Gov. Pat Quinn has decided to close several state correctional facilities in addition to shutting down the Tinley Park Mental Health Center and Jacksonville Developmental Center, as we have previously reported.
But how can Quinn order these shut downs after the General Assembly passed a budget with money to keep them open? What power does Quinn have and what powers do lawmakers have?
As explained in civics class, the legislative body holds the exclusive power to pass a state budget. By doing so, the legislature sets aside money for certain uses, such as the money needed to keep open Tinley Park Mental Health Center or Tamm Correctional Center, a supermax prison.
But Quinn can “veto” budget line items just like the governor can veto any bills passed by the legislature.
According to Quinn budget spokeswoman Kelly Kraft, “When money is vetoed or reduced it is no longer there.” So Quinn cannot shift money to other agencies in state government.
For example, saving money in the Department of Corrections budget does nothing directly to free up money for the education budget, a budget that Quinn argued was shortchanged by the General Assembly.
The governor, though, can move around money within a government agency. Some of the money not used to keep Tamms open could become money to transfer Tamms inmates to another prison.
According to Kraft, Quinn will sign the education budget and every other fiscal bill the General Assembly passed by this Sunday, July 1, the first day of the new budgetary year.
Then when state legislators return for a fall “veto” session in November, which typically is one to two weeks long, “They can have discussions on the amount reduced or eliminated and then decide if that money should be used elsewhere,” Kraft says.
There would be enough time left in the fiscal year to reallocate cash to the education budget, money that might replenish the early childhood education program and provide resources for local school districts. That would be the desired outcome for Quinn and progressive advocacy groups like Voices for Illinois Children.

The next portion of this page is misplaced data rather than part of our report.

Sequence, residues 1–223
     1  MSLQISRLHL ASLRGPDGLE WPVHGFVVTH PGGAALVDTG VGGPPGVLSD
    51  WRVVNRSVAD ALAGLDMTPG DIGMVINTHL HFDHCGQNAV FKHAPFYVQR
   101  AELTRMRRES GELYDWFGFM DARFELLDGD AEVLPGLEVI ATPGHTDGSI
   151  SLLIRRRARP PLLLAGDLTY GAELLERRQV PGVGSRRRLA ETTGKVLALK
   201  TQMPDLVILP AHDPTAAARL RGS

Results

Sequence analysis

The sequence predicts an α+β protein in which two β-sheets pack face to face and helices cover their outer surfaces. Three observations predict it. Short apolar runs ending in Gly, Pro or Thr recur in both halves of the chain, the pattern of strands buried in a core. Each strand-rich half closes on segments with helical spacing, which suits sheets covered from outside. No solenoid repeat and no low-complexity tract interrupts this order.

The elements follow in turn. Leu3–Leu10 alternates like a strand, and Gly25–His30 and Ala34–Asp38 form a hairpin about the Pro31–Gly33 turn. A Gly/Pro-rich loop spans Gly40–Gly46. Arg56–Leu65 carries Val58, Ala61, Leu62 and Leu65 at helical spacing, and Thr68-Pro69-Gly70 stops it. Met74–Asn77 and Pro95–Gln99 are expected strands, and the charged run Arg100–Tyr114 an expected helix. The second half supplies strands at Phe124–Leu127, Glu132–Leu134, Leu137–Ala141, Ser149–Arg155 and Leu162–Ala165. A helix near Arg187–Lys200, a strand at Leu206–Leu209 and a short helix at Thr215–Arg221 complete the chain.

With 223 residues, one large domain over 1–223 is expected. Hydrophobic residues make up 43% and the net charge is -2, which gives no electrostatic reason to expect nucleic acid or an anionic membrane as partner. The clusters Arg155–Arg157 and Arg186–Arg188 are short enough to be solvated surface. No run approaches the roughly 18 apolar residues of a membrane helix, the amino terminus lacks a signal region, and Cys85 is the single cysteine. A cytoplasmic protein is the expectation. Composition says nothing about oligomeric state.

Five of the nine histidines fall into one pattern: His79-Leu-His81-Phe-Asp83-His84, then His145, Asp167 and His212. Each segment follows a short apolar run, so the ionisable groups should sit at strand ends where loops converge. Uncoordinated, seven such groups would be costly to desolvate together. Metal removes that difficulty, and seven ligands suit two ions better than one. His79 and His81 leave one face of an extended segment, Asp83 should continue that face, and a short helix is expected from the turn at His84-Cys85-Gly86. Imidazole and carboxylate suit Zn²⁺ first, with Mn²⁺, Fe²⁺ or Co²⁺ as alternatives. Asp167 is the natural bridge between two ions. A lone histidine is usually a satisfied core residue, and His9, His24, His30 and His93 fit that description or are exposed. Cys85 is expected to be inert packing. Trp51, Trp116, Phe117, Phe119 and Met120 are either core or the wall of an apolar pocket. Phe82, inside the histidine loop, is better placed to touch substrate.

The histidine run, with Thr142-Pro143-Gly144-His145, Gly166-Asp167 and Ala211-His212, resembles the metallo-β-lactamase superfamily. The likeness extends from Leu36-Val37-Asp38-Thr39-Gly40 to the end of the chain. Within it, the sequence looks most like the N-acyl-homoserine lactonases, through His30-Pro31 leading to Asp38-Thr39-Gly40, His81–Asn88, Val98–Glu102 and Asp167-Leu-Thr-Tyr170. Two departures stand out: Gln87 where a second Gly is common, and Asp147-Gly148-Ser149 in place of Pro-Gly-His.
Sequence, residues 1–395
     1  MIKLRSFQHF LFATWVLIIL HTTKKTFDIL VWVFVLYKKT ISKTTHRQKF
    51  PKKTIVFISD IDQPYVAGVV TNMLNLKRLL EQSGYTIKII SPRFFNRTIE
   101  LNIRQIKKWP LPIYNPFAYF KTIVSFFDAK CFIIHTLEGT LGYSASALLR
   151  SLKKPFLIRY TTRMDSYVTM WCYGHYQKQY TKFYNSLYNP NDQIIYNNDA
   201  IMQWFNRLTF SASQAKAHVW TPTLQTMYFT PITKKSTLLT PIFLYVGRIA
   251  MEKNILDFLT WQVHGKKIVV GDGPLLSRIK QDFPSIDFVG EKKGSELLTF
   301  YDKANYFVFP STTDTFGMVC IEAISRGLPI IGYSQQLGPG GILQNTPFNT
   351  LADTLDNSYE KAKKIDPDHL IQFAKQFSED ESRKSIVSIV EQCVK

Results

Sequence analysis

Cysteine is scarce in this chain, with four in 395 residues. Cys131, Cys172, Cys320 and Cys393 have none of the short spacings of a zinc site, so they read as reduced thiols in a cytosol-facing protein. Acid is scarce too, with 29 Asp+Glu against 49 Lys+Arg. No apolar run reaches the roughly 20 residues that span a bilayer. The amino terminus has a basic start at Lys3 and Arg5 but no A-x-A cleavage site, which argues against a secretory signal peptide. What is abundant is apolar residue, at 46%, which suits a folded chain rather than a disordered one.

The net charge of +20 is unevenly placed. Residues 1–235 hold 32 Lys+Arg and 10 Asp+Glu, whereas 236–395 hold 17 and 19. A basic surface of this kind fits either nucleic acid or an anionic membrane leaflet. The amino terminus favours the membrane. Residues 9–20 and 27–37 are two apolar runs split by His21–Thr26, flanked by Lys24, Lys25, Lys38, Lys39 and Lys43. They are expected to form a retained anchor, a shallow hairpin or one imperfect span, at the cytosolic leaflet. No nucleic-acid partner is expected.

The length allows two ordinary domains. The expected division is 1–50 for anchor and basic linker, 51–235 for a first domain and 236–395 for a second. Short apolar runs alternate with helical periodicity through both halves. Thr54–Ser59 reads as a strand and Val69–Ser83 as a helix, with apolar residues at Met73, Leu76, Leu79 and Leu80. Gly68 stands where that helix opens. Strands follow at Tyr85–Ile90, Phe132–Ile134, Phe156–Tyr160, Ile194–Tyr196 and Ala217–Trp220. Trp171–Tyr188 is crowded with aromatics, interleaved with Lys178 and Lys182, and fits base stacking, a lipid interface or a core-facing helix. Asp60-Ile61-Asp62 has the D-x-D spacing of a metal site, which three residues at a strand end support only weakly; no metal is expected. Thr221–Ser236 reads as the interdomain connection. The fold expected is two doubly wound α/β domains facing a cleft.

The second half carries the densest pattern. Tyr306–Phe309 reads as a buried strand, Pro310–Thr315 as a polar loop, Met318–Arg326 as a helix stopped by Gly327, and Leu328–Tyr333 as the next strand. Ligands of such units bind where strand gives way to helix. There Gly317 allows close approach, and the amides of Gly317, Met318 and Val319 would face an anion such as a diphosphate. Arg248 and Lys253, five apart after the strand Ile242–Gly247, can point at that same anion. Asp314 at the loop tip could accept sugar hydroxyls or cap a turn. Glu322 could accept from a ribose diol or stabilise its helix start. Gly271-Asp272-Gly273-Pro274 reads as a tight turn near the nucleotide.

But many legislators will be in no mood to give Quinn what he wants. Not just Republican leaders, like House Minority Leader Tom Cross (R-Oswego), but also downstate Democrats like State Sen. Gary Forby (D-Benton), who represents the village of Tamms, and is upset by the facility closures.
State Rep. Mike Bost (R-Murphysboro) has even said that Quinn went back on his word by ordering the facility closures. According to Rich Miller, Bost implied that Quinn promised some lawmakers that the facilities would be kept open if the governor got enough votes for a $1-a-pack cigarette tax increase.
Quinn’s office denied any suggested quid pro quo.
Quinn appeased lawmakers in last year’s veto session by undoing planned facility closures, including the Tinley Park Mental Health Center. But it’s hard to logistically see that happening again as Tinley Park is supposed to shut down Monday, meaning it will be shuttered for months prior to the veto session. Tamms and other correctional facilities, including Dwight women’s prison, are set to close August 31.